THE FEDERAL TRANSIT ADMINISTRATION
announced Wednesday the award of $281 million in funding for five mass transit projects in Arizona, California, Minnesota, and Texas . . . . . .
WASHINGTON – The Federal Transit Administration announced Wednesday the award of $281 million in funding for five mass transit projects in Arizona, California, Minnesota, and Texas.
FTA, however, has not yet awarded $760 million of the $2.62 billion Congress set aside from these transit grants in fiscal 2018 almost two months after the end of the budget year.
The American Public Transportation Association, which represents local transit agencies, said it was “pleased” by the announcement that FTA was awarding some of the Capital Investment Grant funds.
“APTA encourages the FTA to allocate the remaining CIG funds that were appropriated by Congress,” said spokeswoman Virginia Miller.
FTA said all five of the new grants were approved after the projects either completed or entered the process of “completing the rigorous CIG program steps as outlined in law.”
“FTA continues to evaluate and advance projects in the CIG program, considering each project on its individual merits while demonstrating good governance consistent with discretion afforded in federal law,” FTA Acting Administrator K. Jane Williams said in a press release.
The largest of the new grants covers $100 million of the requested $1.3 billion in federal funding for the overall $3.7 billion cost of constructing section 3 extension of the Los Angeles Westside Purple line.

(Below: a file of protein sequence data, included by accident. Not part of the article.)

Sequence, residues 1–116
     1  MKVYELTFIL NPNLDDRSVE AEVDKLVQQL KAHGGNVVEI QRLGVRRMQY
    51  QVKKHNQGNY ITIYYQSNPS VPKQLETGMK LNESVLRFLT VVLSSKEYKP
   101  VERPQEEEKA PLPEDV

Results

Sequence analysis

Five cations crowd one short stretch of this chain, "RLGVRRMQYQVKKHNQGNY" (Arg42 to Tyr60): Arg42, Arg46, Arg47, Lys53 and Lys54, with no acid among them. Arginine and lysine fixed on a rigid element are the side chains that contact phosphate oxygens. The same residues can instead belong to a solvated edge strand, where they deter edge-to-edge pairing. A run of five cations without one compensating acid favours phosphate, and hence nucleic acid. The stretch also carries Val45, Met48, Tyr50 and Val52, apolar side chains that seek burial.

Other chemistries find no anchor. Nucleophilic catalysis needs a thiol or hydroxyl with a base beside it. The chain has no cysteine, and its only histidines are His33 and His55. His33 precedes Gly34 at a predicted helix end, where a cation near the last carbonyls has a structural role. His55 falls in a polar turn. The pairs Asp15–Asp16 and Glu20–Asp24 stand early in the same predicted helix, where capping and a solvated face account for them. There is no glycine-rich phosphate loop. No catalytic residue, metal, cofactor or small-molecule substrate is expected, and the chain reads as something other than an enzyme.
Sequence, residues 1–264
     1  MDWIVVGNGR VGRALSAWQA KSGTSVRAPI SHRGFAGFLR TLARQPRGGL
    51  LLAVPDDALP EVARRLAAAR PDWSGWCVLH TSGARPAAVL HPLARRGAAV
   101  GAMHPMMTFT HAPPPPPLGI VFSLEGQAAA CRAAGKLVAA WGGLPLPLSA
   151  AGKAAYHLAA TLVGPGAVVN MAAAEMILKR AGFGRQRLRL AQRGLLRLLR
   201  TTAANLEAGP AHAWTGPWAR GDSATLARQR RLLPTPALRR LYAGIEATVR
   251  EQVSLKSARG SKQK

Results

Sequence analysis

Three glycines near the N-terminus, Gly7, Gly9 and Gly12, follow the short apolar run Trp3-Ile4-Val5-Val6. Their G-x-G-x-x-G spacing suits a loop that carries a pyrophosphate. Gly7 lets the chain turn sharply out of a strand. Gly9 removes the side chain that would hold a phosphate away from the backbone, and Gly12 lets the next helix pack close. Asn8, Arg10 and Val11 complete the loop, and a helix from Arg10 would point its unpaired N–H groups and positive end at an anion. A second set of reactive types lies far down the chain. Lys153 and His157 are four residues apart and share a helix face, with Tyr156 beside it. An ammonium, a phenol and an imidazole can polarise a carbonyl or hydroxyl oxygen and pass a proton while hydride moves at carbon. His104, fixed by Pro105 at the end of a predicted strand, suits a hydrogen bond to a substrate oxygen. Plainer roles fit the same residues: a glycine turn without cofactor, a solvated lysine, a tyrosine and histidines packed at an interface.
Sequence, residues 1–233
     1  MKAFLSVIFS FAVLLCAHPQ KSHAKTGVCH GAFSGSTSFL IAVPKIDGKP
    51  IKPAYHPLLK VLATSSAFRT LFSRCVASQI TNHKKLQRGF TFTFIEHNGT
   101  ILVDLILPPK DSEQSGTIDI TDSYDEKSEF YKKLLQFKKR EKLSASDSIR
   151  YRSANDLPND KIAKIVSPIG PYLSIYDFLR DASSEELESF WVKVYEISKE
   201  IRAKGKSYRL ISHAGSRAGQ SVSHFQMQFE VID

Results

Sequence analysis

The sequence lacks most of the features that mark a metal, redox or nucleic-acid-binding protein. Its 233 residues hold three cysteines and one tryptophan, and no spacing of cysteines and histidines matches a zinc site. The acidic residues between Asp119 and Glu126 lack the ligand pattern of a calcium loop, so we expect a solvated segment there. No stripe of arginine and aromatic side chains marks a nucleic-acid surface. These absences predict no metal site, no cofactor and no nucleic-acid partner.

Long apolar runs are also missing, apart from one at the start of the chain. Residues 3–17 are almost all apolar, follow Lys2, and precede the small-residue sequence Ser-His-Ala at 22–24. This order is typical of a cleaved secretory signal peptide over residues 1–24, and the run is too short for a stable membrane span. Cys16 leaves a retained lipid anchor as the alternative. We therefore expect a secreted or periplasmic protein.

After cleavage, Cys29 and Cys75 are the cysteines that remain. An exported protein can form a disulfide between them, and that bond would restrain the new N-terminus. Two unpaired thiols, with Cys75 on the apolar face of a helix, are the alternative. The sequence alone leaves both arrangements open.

The 2.6-mile extension between Century City and the Veterans Affairs hospital includes two stations.
The first two of the three sections of the Purple Line extension are currently under construction. Section 3 is not expected to be put into service until 2028.
The second California grant is $80 million for the San Diego Mid-Coast Corridor Light Rail project between downtown San Diego and the University City area.
The 10.92-mile light rail extension received approval from FTA in 2017 for a $1.04 billion grant over 10 years covering nearly half of the $2.17 billion cost.
Revenue from TransNet, a countywide half-cent sales tax for transportation, will cover half of the total project.
San Diego area officials said Thurs- day the second-year federal allocation for the project in 2017 was $50 million rather than the expected $125 million. The $80 million provided Wednesday fulfills the $125 million federal funding commitment for FY 2017, and also provides an additional $5 million that will save on long-term borrowing costs.
“We’ve been pushing hard for additional transportation funding for the Mid-Coast Trolley extension to create a more vibrant transit network for the San Diego region,” said Mayor Kevin L. Faulconer.
“This support from the Federal Transit Administration will help us deliver one of the largest and most significant transit projects in San Diego history on time and on budget.
“It will also save local taxpayers millions of dollars that can be used for other critical transportation upgrades.” ◽